That’s why I think Jerry Brown must hate me.  All I’m doing is running a business, meeting a payroll, and wondering what obstacle government will throw up in my path next.

Governor Brown has lived in a state where Hollywood is located, so maybe he’s been influenced too much by what he sees on TV and at the movies.  The number one villain, year in year out, on the small screen and the big screen, isn’t terrorists, or foreign agents, or any other murderous bad guys.

It’s business people.

Hollywood loves, loves, loves to make movies and TV shows about larcenous business owners, thieving corporate executives, and greedy Wall Street types.

Of course there is excess and chicanery in the business world.  We live in the real world, and in the real world, sometimes people do bad things.

But business can’t be all bad.  The governor, and the legislators in Sacramento, like the cars they drive (or are driven in), the five-star hotels where they stay, the expensive restaurants where they dine, the movies they view, the basketball games they attend from luxury of their business-related donors all these goods and services are the products of businesses, and most all of this happens on our dime as taxpayers.

The point is that you can take all the potshots you want at business, but at the end of the day, Governor, you need us.  You need us to create things.  You need us to create jobs.  You need us to create tax revenue.

And we’re not stupid.  We can read balance sheets—both ours and yours.  Don’t tell us that the California budget is so complicated that only a few people can understand it and that we taxpayers are too dumb to figure it out.  We know when you are spending more than you’re taking in.  We know when you’re pandering to the unions, to illegals, and to other shortsighted special interest groups that are more interested in the question of “Where is mine?” than the question of “What’s right?”

Governor Brown, stop hating me just because I own a business and I make a payroll.

And if you’re going to tell me that you don’t hate me, that’s terrific.  But let your actions demonstrate that you’re not trying to choke business owners like me.

Without us, there won’t be any tax revenues for you to distribute to your friends and supporters.

And unlike your friend in Washington, you can’t just print more money to solve your problem.

Governor Brown, you don’t have to love me.  All I ask is that you leave me alone.

(New York Times bestselling author Michael Levin runs BusinessGhost.com, which provides books for business owners to distinguish themselves in their crowded marketplaces.)

Fail-ifornia: Other Than the Weather, What’s So Golden about California?


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Restoring California Competitiveness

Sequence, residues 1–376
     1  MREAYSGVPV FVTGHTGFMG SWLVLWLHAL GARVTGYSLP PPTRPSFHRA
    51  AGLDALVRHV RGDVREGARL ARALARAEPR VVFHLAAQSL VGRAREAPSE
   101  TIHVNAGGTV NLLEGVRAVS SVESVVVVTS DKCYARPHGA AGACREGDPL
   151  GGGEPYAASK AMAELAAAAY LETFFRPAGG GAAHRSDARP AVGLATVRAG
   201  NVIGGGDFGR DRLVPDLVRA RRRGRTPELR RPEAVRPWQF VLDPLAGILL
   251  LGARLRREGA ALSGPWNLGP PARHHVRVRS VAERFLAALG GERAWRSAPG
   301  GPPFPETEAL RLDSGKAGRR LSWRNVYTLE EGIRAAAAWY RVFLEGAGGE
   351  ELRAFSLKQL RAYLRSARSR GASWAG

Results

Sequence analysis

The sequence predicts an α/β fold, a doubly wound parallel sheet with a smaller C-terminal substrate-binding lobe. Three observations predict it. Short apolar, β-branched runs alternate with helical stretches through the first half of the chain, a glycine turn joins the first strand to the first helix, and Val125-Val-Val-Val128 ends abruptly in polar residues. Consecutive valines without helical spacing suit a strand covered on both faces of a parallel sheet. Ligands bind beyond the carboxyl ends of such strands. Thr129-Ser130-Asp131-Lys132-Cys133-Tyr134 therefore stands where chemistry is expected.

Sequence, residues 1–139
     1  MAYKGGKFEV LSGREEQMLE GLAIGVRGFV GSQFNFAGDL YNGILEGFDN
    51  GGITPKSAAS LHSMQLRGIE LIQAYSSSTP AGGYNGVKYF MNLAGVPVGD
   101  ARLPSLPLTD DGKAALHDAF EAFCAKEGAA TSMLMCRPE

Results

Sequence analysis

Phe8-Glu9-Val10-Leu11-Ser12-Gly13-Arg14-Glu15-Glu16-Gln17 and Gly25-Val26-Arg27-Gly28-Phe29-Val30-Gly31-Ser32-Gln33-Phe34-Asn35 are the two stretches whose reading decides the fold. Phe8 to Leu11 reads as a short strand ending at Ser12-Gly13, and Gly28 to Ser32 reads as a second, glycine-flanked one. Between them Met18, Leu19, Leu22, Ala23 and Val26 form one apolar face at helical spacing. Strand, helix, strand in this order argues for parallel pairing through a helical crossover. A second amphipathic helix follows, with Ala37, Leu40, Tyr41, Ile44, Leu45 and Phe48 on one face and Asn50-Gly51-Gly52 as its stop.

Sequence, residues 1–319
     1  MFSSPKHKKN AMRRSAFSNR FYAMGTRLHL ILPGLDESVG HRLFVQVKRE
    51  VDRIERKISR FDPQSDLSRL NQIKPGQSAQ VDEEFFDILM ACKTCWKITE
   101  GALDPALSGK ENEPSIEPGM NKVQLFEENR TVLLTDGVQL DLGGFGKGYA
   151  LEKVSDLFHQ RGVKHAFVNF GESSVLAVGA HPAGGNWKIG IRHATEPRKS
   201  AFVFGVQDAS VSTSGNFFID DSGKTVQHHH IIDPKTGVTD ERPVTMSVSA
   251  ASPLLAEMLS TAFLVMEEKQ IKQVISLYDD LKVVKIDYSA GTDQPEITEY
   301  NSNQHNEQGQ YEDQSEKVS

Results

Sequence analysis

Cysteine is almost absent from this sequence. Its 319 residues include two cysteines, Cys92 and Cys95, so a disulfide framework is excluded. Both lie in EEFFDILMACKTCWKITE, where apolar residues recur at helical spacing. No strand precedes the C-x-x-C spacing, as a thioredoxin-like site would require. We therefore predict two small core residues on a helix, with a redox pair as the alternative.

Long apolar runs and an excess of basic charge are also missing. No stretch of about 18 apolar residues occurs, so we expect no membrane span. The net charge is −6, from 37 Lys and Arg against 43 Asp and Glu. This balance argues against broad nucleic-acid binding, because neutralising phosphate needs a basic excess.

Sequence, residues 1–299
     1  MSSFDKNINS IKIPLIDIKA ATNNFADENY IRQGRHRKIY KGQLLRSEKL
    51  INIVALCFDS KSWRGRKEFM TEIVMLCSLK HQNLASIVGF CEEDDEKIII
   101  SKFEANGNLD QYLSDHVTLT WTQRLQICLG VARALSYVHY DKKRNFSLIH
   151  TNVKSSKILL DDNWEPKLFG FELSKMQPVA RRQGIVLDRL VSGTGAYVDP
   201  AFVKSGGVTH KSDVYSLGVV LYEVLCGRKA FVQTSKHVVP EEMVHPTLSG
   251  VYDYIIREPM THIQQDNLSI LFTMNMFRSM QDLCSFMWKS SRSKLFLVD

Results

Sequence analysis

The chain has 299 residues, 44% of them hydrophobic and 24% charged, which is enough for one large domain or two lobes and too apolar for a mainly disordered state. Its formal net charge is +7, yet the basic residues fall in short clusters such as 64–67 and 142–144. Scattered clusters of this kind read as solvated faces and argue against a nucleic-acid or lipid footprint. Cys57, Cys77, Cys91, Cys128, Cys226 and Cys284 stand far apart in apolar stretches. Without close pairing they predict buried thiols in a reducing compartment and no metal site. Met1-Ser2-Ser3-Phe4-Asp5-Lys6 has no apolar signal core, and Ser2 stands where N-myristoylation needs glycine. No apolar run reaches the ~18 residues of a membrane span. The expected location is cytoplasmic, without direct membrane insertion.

California was a place originally known for its opportunities, beauty, wilderness, open roads, Gold Rush mentality, freedom, and innovation. Eureka, the state’s motto, means “I have found it!”  But this place of dreams is now the land of wishful thinking: a consummate nanny-state of over-regulation, command and control.  From the profoundly and absurdly huge ideas (saving the planet from climate change while China and India march to a different tune) to the silly (mandating fitted sheets in hotel rooms).  And we’re so over-regulated, that I guarantee, right now, you are breaking some California law this very minute.  (Did you install your CO2 monitor required in every home July 1? No? $200 fine is on its way.)

Where unemployment at over 12% is one of the highest in the nation–two million people out of work–the state’s bond ratings flirt with junk status, and private investors are wary of a constantly changing and uncertain regulatory environment.  Where governors from other states proactively seek and invite the relocation of our best businesses.  And what’s to stop business from leaving? California has ranked 49th or 50th on numerous national lists as the worse place to do business for the last several years.  According to Dun & Bradstreet, 2,565 businesses with three or more employees have relocated to other states since January 2007 and 109,000 jobs left with those employers.

How can we restore California’s competitiveness?

With less.

Less government, less regulation, less mandate, less taxes.  We need to “let my people go!” as Moses would say.

One of the most difficult challenges posed by legislators to the weary regulated community is to name which offending regulations to change.  There are so many—each individually and independently approved with such good intentions—but piled one on top of the other, have produced a morass of laws and prohibitions that stifle investment, strike fear into the hearts of small business start-ups, and ultimately kill jobs before they’re even offered.

How many folks lost the opportunity for employment because—instead of hiring–thousands of hotels must now buy replacement fitted sheets for flat sheets?  Yes, that’s the law now proposed.